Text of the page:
2. Check the status of all pods to verify all pods are running correctly. Run the following command to list the pods and their status:
    sudo KUBECONFIG=/etc/kubernetes/admin.conf kubectl get pods -o wide

The Fortanix DSM related pods may continue to crash until the certificates are installed (next step), but verify that the pods related to Aesmd, Elasticsearch, and Cassandra are running.

If you want to set up a cluster that spans multiple sites or data centers, refer to the steps in the Data Center Labeling guide to label which nodes are in what data center.

5.3.6  Configure Data Center Labeling

After all nodes have successfully joined the cluster, you must perform data center labeling. Data center labeling configuration in a multi-site deployment improves read resiliency by enabling requests to read data from the local data center and supports the Read-Only mode of operation when a global quorum is lost and a local quorum is available. Please refer to the Fortanix DSM Data Center Labeling guide (use the automated script to configure DC labeling). Please refer to the Fortanix DSM Data Center Labeling guide (use the automated script to configure DC labeling).

For more details, refer to Fortanix DSM Read-Only Mode of Operation.

5.4 Configure Other Nodes 

Now that the installation is complete, join all other nodes to the cluster by running the following join command: 

Do not perform the join operation on multiple nodes simultaneously. The join operation of a node should be started once the previous node has successfully joined the cluster. 
  • If your nodes are in the same subnet, run the following command:
    sudo sdkms-cluster join --peer=<server ip address/subnet> --token=<kubeadm-token>
  • If your nodes are in the different subnets, run the following command:
    sudo sdkms-cluster join --peer=<server ip address> --token=<kubeadm-token> --self=<node IP address>

In the above specification,

  1. Server IP Address corresponds to the node’s IP address on which cluster was created. Specify it with the subnet.
  2. The node IP address corresponds to the IP address of the joining node.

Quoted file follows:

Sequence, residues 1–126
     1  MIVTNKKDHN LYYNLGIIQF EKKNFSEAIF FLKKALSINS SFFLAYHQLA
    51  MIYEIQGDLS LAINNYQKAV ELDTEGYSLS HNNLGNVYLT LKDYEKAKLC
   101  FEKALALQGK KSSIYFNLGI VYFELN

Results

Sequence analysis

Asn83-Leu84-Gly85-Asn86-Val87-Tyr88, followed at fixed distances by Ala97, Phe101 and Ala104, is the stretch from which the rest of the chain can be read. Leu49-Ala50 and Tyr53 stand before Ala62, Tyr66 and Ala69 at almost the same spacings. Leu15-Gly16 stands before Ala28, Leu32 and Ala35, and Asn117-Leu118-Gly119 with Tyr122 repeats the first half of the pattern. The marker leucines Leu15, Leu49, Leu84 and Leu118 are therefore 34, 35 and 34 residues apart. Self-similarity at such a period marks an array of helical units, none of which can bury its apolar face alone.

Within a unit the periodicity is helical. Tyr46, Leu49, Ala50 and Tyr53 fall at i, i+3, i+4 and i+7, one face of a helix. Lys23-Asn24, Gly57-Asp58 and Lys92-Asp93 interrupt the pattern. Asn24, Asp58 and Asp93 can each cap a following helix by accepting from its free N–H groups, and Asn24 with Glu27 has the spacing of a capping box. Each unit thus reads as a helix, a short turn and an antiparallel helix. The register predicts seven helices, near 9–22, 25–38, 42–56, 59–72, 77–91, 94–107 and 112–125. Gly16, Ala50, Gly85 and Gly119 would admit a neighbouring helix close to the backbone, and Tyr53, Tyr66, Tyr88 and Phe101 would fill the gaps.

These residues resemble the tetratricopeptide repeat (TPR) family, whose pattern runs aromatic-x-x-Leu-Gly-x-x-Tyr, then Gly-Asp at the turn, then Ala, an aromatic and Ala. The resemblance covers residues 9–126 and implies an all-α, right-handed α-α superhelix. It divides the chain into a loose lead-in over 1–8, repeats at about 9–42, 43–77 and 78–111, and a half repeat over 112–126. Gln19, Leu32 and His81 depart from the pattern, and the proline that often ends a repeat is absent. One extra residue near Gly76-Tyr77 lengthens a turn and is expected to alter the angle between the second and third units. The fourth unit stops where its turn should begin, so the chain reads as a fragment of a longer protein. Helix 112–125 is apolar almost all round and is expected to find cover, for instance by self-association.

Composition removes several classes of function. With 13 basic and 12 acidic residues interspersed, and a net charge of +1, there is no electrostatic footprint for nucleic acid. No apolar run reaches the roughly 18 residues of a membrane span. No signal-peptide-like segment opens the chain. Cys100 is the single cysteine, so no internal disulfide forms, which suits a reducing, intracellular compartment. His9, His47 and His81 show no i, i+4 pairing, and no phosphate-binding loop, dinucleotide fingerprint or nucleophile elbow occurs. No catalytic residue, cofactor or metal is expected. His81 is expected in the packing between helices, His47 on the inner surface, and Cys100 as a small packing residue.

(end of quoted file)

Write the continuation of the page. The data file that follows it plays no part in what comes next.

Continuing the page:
Example join commands for a joining node ( to a created cluster on a node( on a /24 subnet.

sudo sdkms-cluster join --peer= --token=525073.715ecf923e4ae1db


sudo sdkms-cluster join --peer= --token=525073.715ecf923e4ae1db --self=

The token can also be retrieved by executing on the first host:

sudo kubeadm token list

5.5 Install Certificates

The process described in this section will generate the keys and certificate requests for TLS connectivity. Save the passphrase for the private key as it cannot be recovered later.

Fortanix DSM requires two SSL certificates for the services, one for the Main API service and another for Static asset service. The Certificate Signing Request (CSR) generation is supported for both these certificates which can be signed by your preferred CA provider. 

  1. Generate a Certificate Signing Request (CSR) to get an SSL certificate. The CSR contains information (for example common name, organization, country) which the Certificate Authority (CA) will use to create your certificate. Generate CSRs by running the following command on the node where the cluster was created: 
    sudo get_csrs

    This script is going to generate Certificate Signing requests for both the Fortanix DSM cluster and UI. It also created the first system administrator(sysadmin) account that can log into Fortanix DSM. Domain names can be provided in two formats.

    1. Simple, where Domain name and SANS can be provided. For example,
    2. Distinguished, where full DN string can be provided. For example, O=Fortanix L=Mountain View ST=California.

    There is also an option to add Subject Alternative Names. More than one can be added, each one on a new line.

    The following will be then asked to enter through the script:

    1. Domain name for the cluster (Main)
    2. Domain name for the UI (Assets)
    3. Cluster name
    4. Sysadmin email address
    5. Sysadmin password 
    For authentication using mutual Transport Layer Security (TLS), the standard API key-based authentication interface will not work. To support mutual TLS authentication in Fortanix DSM, add an additional interface as SAN Name ( on the main certificate. For more details, refer to the Mutual TLS Guide.

    The CSRs are printed on the terminal named “Cluster Certificate Request” and “UI Certificate Request”. These certificates need to be signed by a Certificate Authority.

    Figure 3: CSRs Generated
    If get_csrs fails then refer to the logs at the location /var/log/get_csrs.log.

    A certificate request is created for both the CSRs, one for Main and one for Assets. You will need to sign both the CSRs from one of the CAs or locally sign it yourself.      

    To generate a new CSR you can use the optional argument --rotate as below:
    sudo get_csrs --rotate
    This command also prompts for domain names, and at the end, a couple of new CSRs are generated, each for a cluster and UI.

    After those newly generated CSRs are signed to create certificates, run the following command to install those certificates:
    sudo install_certs --rotate
    This above command installs the new certificates and removes the old certificates.